The objective of this project is to determine the role of the protein component in the rice grain and how it affects the storage of the grain and ultimately its quality. Genetic control of the protein composition of the rice grain and its impact on rice quality is poorly understood. Up to 10% of the rice grain is protein. Variation in the protein composition during storage could account for 30% of rice quality parameters not explained by starch structure. Protein research has been largely overlooked in favour of understanding the starch components. Protein is significantly more complex then starch in its structure and functionality. Proteins are composed of 20 different amino acid building blocks which have very different chemical properties while starch is composed of only a single building block, glucose. The complexity of protein means it is likely to have an impact on grain quality out of proportion to its contribution to grain content. This project will produce a method which allows generation of a reproducible grain storage protein fingerprint. The extent to which protein composition affects storage and impacts on rice cooking plus eating quality will be determined by applying the protein fingerprinting method to a range of cultivars which differ in grain quality parameters.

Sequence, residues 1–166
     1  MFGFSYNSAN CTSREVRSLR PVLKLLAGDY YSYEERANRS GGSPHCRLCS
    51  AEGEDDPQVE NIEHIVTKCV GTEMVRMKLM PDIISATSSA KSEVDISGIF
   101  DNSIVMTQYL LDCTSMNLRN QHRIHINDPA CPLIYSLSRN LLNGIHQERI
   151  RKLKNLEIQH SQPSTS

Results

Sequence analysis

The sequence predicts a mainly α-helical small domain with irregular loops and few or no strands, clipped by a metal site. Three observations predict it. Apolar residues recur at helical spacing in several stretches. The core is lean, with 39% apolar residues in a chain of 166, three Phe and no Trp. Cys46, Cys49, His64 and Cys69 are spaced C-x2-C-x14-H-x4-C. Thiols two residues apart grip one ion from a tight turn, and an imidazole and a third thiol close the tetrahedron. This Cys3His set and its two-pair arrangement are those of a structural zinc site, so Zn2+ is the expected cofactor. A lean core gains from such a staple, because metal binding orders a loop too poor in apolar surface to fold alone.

Southern Cross University
The objective of this project is to determine how the storage of proteins control rice grain quality. This project will provide the knowledge and tools which will allow the Australian rice industry to better manage existing varieties and breed varieties with higher grain quality. This project will develop a method which allows generation of a reproducible rice grain protein fingerprint in rice ready for storage. Once established, the fingerprinting method will be applied to improve our understanding of the link between, and management of nitrogen fertilizer, grain protein composition, grain quality and yield. Understanding how rice grain protein composition impacts on rice grain quality will help rice growers satisfy consumer need for grain quality while maximising yield through addition of nitrogenous (N) fertilizer. An outcome of this project will be the knowledge and tools which will allow the Australian rice industry to breed rice cultivars with higher grain quality. The project creates the capability for further research to explore the nutritional benefits of essential amino acids found within rice proteins in stored grain, the role of rice proteins as an ingredient in wheat based products, and others. This project will address the National Research Priorities of an Environmentally Sustainable Australia, Safeguarding Australia and Frontier Technologies for Building and Transforming Australian Industries and each of the underlying Rural Research Priorities. This will be achieved by using new and existing technology to improve productivity, profitability, sustainability, resilience and adding value to the rice industry and the Australian rural sector as a whole.
Project Start Date
Sunday, September 15, 2013
Project Completion Date
Wednesday, May 31, 2017
Journal Articles From Project
An environmentally sustainable Australia
Adoption of R&D
RIC-Rice breeding - varieties and quality improvement